Incoming US President Donald Trump may seize opportunities to develop clean energy, says WRI's Government Affairs Director Christina Deconcini in a DW interview. He could stimulate other steps to combat climate change.
Donald Trump is due to be sworn in as the 45th president of the United States on Friday (20.01.2017). Trump has previously stated that climate change is not real, has nominated climate change deniers for key agency and cabinet posts, promised to defund climate research, and said he intends to pull the US out of the Paris Agreement.
Are there any potential opportunities for Trump to combat climate change? DW spoke with World Resources Institute's (WRI) Director of Government Affairs Christina Deconcini to find out.
DW: Donald Trump has appointed several climate skeptics to his cabinet. Trump has said he could pull out of the Paris Agreement. What impact do you think all this will have once the new administration is in place?
Christina Deconcini: You mentioned troubling signs for sure, but I also think we need to wait and see what he ends up doing.
There are not reasons to be optimistic if you look at some of his appointments. But there are threads that might prove us wrong, and let's hope they do.
For instance, [Trump's secretary of defense nominee] James Mattis understands the threat of climate change. And Rick Perry, who's going to be the head of energy, did a lot of really good things in Texas. [The state] leads our country in the amount of wind energy it has in place, which grew substantially under his leadership.
And I think once he becomes more informed about some of the economic drivers, and why moving forward on some of these things is actually good for America, and can make America strong, perhaps some of the things we've heard from his campaign rhetoric and some of the things we're worried about with his appointees will be somewhat tempered.
Do you think President Trump will make good on his threat to take the US out of the Paris Agreement?
If you take them at their word, it sounds like they want to have a seat at the table. And President Trump is going to hear from a lot of international leaders at the G20 and G7 meetings about why this is an important piece of our international diplomacy.
I think he will understand it's in America's best interests as well, to continue to be part of these discussions and negotiations. Chinese President Xi Jinping has just urged President Trump to stay in the climate deal, and I think we're going to hear more and more pressure from international leaders. We've already heard from Chancellor Merkel and others on the importance of this.
Will the US keep to its national target of reducing 2005 emission levels 26 to 28 percent by 2025?
That is going to depend on the different pieces of the puzzle. It does sound like the new administration is going to roll back or stop the Clean Power Plan, which is a key piece of us meeting our targets.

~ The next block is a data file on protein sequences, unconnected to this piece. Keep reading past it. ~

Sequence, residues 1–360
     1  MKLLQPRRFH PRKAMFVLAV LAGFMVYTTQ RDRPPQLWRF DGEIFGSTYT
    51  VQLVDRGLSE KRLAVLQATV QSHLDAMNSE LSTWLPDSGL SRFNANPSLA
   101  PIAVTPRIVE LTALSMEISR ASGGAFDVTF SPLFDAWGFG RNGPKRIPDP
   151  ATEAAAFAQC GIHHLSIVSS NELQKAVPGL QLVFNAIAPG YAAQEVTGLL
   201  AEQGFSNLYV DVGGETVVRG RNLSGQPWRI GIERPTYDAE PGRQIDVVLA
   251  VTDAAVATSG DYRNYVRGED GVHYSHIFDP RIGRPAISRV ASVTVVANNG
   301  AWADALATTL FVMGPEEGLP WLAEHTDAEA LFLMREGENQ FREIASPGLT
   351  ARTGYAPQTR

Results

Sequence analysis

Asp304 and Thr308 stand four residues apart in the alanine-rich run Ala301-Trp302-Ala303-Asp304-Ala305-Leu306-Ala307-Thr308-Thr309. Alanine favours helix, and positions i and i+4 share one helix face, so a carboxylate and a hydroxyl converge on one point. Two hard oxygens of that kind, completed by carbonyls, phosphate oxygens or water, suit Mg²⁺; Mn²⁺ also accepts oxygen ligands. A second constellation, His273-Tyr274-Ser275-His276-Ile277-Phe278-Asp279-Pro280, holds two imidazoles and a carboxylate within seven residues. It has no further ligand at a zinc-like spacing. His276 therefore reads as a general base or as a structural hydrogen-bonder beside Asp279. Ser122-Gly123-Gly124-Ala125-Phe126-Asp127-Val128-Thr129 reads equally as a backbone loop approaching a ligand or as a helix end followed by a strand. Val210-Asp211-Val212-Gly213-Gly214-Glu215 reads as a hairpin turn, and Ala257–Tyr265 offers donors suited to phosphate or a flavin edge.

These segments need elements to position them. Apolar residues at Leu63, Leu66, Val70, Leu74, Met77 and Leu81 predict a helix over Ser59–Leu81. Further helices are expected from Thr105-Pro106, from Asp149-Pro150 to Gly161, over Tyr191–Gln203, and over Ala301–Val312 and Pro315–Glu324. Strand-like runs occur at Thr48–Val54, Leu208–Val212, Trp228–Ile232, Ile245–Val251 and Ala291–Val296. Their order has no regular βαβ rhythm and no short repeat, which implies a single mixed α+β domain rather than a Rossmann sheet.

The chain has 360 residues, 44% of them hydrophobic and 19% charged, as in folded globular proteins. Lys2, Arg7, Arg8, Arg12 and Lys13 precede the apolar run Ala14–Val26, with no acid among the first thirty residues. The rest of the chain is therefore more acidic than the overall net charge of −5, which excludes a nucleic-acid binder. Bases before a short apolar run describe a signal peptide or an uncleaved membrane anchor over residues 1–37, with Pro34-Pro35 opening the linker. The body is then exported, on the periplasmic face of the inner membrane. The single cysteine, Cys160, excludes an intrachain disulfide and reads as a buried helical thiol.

But there are a number of trends happening both globally and in the United States that are pushing emissions down. The states are doing a lot on this. It's quite conceivable that under a new administration, the states would really up their game - the states that are acting to reduce emissions.
So it is possible - through market forces and good state actions and businesses that are not going to stop moving in low-carbon directions - that we will be able to meet those targets.
You mentioned China earlier, the other key player when it comes to reducing emissions globally. Do you see China as overtaking the US, or taking on the leadership role in climate policy?
I hope the US will remain a leader. I think as Trump becomes more informed, I'm hoping that he will not cede the ground on the clean energy race to other countries. But again, we don't know. A lot of things we are speculating based on what we've heard so far, and whom he has appointed.
All in all, what could help persuade President Trump that it is a good idea to support renewable energy and measures to halt climate change?
One of the most important things will be hearing from international leaders he's in negotiations with on other topics of importance at G7 and other forums. Also to understand how this keeps America in a competitive position worldwide, because he does seem interested in that.
And it aligns with his wanting to make America great again - of not ceding the clean energy race to others, and knowing that if we want to be a leader, we need to continue investment in this, we need to make our grid more flexible and reliable so that we can lead on all these things, which will also help us to export additional technology we develop.
So I believe the economics of this is what will be most compelling, or most likely to move this new administration in a way that's good for the US economy, and good for low-carbon growth.
I also believe that hearing from more constituents in the US will help as well.
Christina Deconcini is director of government affairs for the World Resources Institute. An attorney, she oversees legislative work and strategy on climate change and energy issues for the group.
The interview was conducted by Irene Quaile.